Friday, November 4, 2011

On My Colleague Grant Farred at Cornell University

I submitted the letter below about the situation involving the students and Grant Farred at Cornell University in February of 2010, which clarifies my own thinking about him as a colleague more generally. I think that it is important that the ASRC at Cornell continue to move forward. For me, it has never been a matter of "taking his side," whatever that means, for I was also very concerned about the students. Yet, at the time I chose to respect institutional protocols at Cornell and confidentiality and so did not get involved in the public discussion. I have not found use in a lot of the misinformation that has been out there. I do not go along with discussing a department's inner concerns in a public way and that is also one of the main reasons that I have never felt it prudent to discuss or arbitrate matters in Africana in a public context, including confidential matters. There is also the concern I have had about the fine line that exists between speaking out and cyberbullying, which violates the law. A missive circulated last week, allegedly from a group of ASRC faculty, that opposes his selection as the head of the job search committee (from which he resigned this week). According to it, his appointment "further
represents a callous disregard for Black women in the Department and disrespect for the Africana community in general." This "anonymous" statement-for which no one faculty member has taken responsibility- is one that in no way reflects my own experiences with Professor Farred as a colleague. I, like others, am very concerned with and committed to helping to carry on the work in the Africana Center and value and support its great history and legacy. The letter below summarizes my own experiences and perspectives on Professor Farred.

February, 2010

Dear Mr. ______,

I am a colleague of Grant Farred’s in the Africana Studies and Research Center, a colleague who has been accused recently of making “racist and sexist comments” to two graduate students, one of whom is a current student and another who is a former one. I do have a sense of what was said and know how deeply sorry he is that he said what he said, regardless of the colloquialisms that he attempted to invoke, perhaps, I suspect myself, in light of his intellectual and cultural interests in vernacular forms. I appreciate that he has apologized to me, even, as his faculty colleague, though I did not witness that exchange and nor was I present at the conference. He understood how offended and hurt I might be as a black woman colleague. I understand that everybody makes mistakes. He is as human as the next person. In general, I understand and respect the confidentiality of this matter and the protocols that are in place at the university for addressing such issues as they emerge, and with the parties involved. As a faculty member in the Africana Studies and Research Center, I am deeply concerned about the students and, like some other colleagues, am fully committed to maintaining a climate of professionalism and support for them in my department, on campus and in the larger profession.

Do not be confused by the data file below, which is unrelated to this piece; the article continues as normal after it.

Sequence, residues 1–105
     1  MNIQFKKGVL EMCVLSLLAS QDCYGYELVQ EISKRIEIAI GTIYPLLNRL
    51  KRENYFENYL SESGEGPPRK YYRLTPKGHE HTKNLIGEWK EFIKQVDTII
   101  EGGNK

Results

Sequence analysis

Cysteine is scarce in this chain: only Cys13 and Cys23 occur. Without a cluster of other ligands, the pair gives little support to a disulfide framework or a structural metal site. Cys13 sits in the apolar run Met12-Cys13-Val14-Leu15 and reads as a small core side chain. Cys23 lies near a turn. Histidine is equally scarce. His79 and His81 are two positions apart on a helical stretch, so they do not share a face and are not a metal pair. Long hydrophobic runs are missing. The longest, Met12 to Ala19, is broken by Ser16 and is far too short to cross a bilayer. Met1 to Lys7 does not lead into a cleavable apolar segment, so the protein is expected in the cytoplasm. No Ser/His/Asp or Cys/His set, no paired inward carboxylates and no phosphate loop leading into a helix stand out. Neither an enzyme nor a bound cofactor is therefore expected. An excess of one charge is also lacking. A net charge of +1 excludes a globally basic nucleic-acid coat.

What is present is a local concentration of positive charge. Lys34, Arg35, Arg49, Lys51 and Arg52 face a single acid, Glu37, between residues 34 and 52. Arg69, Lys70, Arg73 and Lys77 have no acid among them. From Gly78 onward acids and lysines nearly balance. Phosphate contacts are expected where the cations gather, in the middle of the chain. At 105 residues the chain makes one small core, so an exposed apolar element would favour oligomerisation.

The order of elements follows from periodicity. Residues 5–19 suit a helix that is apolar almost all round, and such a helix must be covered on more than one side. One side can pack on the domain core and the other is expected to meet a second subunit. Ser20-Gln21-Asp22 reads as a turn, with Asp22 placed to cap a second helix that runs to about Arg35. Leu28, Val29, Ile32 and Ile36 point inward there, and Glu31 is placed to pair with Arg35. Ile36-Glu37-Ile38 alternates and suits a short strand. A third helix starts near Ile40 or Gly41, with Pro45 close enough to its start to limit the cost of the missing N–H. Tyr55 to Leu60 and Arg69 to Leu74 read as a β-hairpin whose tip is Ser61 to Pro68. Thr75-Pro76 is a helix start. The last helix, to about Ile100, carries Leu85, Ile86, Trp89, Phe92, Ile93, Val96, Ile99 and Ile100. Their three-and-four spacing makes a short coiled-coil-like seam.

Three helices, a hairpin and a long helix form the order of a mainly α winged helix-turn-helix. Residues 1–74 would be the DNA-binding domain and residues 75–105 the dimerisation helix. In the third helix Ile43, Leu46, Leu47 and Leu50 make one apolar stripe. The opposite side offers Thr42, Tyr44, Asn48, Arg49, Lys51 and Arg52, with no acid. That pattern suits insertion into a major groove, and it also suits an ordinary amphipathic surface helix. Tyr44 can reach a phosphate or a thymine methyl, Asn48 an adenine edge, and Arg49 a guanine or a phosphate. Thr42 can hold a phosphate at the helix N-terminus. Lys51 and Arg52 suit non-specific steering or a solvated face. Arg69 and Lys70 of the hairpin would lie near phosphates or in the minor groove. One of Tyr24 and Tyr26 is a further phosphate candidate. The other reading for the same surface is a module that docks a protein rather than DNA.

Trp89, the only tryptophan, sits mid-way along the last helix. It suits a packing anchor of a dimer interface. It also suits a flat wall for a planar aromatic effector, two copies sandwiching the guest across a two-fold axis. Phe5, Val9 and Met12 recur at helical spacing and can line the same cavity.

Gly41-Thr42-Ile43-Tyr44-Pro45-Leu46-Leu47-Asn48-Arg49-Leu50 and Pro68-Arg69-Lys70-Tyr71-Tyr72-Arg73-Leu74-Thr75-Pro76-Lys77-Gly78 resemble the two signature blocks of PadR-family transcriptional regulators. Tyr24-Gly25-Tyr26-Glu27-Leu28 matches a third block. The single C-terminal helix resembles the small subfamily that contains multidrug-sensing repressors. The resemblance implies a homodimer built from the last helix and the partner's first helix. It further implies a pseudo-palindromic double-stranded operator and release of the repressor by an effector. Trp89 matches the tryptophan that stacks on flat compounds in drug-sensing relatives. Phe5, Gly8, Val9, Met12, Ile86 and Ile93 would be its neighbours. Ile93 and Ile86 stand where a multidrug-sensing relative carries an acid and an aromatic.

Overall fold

As a scholar, in thinking through some of the deeper implications of his remarks, I have brought a number of critical apparatuses to bear on this situation. For example, the perspective provided by Hortense Spillers in her now classic essay “Mama’s Baby, Papa’s Maybe” sets the standard for me in thinking through the historical and deeply ideological relation of epithets to black women. Professor Spillers, formerly of Cornell, is one of the most brilliant black woman senior scholars in the profession, a rigorous theorist, and helps to set the standard for me in terms of what stands for quality in black feminist scholarship. I do not feel that he meant what he allegedly said in the malicious sense of the range of epithets invoked in this brilliant critical piece.